Movie Review: ‘Big Hero 6’

“Big Hero 6” is the latest movie released by the Disney franchise. It’s loosely based off the Marvel comics of the same name and doesn’t disappoint – it’s filled with action and adventure, while still making the audience laugh and feel for the characters.

Meet Hiro Hamada (Ryan Potter). Hiro’s a seemingly normal kid living in San Fransokyo (basically a mashup of San Francisco and Tokyo) who has a penchant for robotics. He and his older brother Tadashi (Daniel Henney) live with his Aunt Cass (Maya Rudolph) who runs a local bakery/coffeeshop.

Hiro’s happy. He has his robot and goes to back-alley robotics fights (which are illegal, btw). He gets into a couple of scrapes, and Tadashi keeps trying to convince him to drop the illegal activities and actually go to college (Hiro graduated high school at 13).

But does Hiro listen? Nope. Not until Tadashi tricks him into visiting the high-tech robotics lab at San Fransokyo Institute of Technology. Hiro sees all the equipment, meets Tadashi’s friends and is introduced to Tadashi’s project – an inflatable healthcare robot named Baymax.

That’s where everything changes. Seeing the projects and meeting a professor he has idolized drives Hiro to apply to the school – but the application is nonconventional.

Hiro builds a robot for the annual student exhibition. It’s loosely based off the fighter bot he had previously made, but it can do way more. This time, Hiro has created telepathically controlled microbots that can link together to form whatever structure he wants.

Hiro’s dreams are now coming true. He’s accepted to the school. He has friends – Tadashi’s friends Fred (T.J. Miller), Go Go (Jamie Chung), Wasabi (Damon Wayans, Jr.) and Honey Lemon (Genesis Rodriguez). Nothing could go wrong, right?


Hiro’s life is turned upside down when the expo center mysteriously catches on fire and explodes with his microbots still inside.

The once happy teenager becomes mopey and lethargic, staying in his room and refusing to go to school. And Hiro stays this way until one day he gets slightly hurt and says “ow,” which triggers Baymax to inflate and try to help him.

Baymax is programmed to stay with his patients until they’re satisfied with their care and don’t need him anymore. So he stays with Hiro, doing whatever he can to help him out, including bringing in Tadashi and Hiro’s friends from the college.

These friends are an odd bunch. Fred isn’t a student at the school – he just enjoys hanging out and watching the others. Go Go works with electromagnetic wheel axles. Wasabi is an expert with lasers. Honey Lemon is fascinated with chemistry.
But they bond together to help Hiro and bring down a supervillain who has suddenly appeared. This supervillain has Hiro’s microbots, and the team of unlikely friends – and even more unlikely superheroes – learns how to work together to track the masked villain down. Together, these six friends become a superhero team called “Big Hero 6.”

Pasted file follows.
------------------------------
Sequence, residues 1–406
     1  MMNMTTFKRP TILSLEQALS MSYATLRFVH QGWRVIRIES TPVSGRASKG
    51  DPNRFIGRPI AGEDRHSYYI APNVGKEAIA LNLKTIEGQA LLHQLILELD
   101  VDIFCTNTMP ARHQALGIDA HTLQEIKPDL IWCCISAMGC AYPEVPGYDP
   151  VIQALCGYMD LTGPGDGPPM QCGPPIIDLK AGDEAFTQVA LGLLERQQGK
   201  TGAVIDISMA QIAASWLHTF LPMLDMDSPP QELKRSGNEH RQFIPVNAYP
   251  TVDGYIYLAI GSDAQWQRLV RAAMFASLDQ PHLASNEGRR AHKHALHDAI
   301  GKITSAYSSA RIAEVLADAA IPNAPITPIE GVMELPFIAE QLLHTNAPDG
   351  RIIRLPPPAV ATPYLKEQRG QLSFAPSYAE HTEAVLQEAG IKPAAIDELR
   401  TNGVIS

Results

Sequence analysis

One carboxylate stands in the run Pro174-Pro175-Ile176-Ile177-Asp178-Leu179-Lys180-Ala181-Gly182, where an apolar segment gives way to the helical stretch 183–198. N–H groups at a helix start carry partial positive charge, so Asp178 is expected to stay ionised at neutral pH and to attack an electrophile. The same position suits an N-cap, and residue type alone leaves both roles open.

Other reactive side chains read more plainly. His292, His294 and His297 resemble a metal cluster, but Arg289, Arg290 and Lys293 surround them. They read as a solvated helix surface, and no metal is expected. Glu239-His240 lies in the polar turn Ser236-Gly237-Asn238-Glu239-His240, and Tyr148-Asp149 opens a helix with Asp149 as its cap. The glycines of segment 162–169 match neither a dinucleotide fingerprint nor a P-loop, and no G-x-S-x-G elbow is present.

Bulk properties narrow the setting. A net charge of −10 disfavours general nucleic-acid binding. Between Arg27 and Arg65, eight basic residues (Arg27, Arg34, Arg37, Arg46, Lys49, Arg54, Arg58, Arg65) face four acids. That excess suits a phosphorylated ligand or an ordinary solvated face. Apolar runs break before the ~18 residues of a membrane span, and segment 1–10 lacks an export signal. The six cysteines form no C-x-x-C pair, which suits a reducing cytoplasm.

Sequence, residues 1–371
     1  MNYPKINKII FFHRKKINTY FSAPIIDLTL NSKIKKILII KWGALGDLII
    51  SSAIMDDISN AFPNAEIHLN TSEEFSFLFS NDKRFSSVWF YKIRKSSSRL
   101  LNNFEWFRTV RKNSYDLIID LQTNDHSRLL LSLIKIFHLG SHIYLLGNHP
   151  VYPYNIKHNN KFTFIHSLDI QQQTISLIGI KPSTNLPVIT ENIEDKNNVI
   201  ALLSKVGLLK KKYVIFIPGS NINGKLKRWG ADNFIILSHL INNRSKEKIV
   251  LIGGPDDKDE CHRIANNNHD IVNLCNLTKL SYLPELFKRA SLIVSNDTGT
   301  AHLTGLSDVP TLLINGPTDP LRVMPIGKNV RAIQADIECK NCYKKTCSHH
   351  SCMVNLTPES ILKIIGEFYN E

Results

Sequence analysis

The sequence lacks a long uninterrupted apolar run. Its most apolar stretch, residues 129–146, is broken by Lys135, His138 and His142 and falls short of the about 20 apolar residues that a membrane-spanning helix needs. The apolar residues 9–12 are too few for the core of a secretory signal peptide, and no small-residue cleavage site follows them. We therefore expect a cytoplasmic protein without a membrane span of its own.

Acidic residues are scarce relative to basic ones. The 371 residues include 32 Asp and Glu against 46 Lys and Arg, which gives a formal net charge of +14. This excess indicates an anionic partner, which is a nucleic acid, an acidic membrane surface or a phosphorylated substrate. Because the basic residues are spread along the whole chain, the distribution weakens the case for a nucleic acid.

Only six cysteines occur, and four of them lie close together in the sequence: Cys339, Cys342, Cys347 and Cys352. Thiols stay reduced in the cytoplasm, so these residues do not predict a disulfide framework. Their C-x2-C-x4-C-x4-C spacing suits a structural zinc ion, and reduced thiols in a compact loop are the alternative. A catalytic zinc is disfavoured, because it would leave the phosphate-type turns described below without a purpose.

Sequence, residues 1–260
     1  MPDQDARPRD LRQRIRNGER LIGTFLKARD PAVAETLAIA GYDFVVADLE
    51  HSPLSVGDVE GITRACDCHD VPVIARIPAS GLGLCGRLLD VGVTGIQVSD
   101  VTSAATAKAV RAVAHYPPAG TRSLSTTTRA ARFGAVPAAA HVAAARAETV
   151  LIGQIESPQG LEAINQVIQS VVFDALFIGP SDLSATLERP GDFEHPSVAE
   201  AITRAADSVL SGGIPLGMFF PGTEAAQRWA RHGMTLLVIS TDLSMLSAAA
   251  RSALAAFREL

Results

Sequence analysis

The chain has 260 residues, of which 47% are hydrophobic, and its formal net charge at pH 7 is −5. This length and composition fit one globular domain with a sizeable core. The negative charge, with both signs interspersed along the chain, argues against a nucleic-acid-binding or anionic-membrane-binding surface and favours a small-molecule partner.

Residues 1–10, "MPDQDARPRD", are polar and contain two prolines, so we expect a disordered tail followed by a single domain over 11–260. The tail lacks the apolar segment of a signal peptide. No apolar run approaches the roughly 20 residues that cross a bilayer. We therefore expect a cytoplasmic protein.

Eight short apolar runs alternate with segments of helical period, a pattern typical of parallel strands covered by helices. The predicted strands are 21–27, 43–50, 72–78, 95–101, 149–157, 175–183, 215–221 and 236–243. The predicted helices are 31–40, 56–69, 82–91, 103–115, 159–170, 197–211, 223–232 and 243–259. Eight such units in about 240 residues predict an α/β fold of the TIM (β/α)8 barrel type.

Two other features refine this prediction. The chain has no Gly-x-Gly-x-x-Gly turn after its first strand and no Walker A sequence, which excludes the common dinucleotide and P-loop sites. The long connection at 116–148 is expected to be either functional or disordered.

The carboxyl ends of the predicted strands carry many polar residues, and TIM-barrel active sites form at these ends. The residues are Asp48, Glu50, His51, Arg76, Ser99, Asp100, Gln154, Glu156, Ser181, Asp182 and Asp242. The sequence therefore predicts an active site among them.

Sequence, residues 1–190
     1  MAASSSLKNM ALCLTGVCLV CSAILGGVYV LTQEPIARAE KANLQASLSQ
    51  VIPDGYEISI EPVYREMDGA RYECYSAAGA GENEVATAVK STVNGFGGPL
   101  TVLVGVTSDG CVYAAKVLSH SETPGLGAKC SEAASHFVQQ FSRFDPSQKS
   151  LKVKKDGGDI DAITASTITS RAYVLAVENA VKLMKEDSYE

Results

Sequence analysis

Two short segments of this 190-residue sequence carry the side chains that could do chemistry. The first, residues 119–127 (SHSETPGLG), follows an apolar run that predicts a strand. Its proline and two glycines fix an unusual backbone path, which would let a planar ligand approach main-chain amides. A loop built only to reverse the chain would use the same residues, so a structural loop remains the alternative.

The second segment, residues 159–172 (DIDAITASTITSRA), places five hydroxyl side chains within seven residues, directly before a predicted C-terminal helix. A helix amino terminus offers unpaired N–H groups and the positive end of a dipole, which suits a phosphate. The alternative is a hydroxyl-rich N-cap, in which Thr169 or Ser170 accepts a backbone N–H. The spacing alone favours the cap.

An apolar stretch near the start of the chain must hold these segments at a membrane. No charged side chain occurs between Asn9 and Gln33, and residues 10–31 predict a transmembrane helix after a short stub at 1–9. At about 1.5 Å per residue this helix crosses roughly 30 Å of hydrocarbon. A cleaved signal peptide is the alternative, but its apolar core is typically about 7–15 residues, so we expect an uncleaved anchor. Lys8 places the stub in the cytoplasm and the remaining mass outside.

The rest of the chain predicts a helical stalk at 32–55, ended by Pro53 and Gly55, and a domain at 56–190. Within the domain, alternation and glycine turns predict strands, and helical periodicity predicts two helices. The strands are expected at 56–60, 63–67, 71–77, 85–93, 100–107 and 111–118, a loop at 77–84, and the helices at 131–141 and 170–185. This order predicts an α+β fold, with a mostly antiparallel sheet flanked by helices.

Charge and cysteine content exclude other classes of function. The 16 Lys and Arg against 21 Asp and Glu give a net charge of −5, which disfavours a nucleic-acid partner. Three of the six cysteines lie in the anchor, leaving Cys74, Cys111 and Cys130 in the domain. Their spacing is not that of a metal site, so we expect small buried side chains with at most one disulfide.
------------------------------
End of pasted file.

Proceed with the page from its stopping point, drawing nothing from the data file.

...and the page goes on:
Baymax brings Hiro his friends when he needs them most. They stick with him through all sorts of crazy circumstances, showing him true friendship and loyalty. They comfort him when he needs comforting but also tell him when he’s having really dumb ideas and he needs to cut it out and calm way down.

Does Hiro listen? No.

Through all these crazy circumstances, Hiro’s friends stand by him, and he encourages them to look at the situation from a different perspective, just as Tadashi once encouraged him. While Tadashi physically flipped Hiro upside down and swung him around, Hiro encouraged his friends when they were trapped to look at the physical situations from a different angle and figure out a way to escape.

Henry Jackman scored this movie, and the music fits perfectly. It swoops from ethereal to dark and hits every emotion in between. It’s fun and lighthearted when Hiro meets Baymax for the first time, then takes on a techno (almost video game) sound while the pair is roaming the streets of San Fransokyo before sliding to a tumbling track that only intensifies an already stressful scene. And, being a superhero movie, it obviously has those typical heroic themes, swooping viewers up and bringing them the elation the characters feel from succeeding.

Yes, this is an animated movie. But the characters all feel very real. Baymax is a robot but still feels very relatable and caring. While he is the comic relief in points, Baymax is also a serious character. He has some typical robotic characteristics (he doesn’t understand figures of speech), but he isn’t the stereotypical robot that cracks jokes or attempts to emulate human behavior for laughs. Baymax genuinely cares for his patients and strives to help them.

“Big Hero 6” takes viewers on a journey through exciting, dangerous and unexpected situations. But at the end of the movie, Hiro and his friends all realize that while things may not always turn out how they plan, it’ll all turn out OK.

“We didn’t set out to be superheroes,” Hiro said. “But sometimes life doesn’t turn out the way you plan.”

Lauren Eissler is a senior journalism major and managing editor for Cedars. She essentially lives in the J-Lab, with her caffeine intake roughly corresponding to how many articles she’s writing, and tweets as @L_Eissler.

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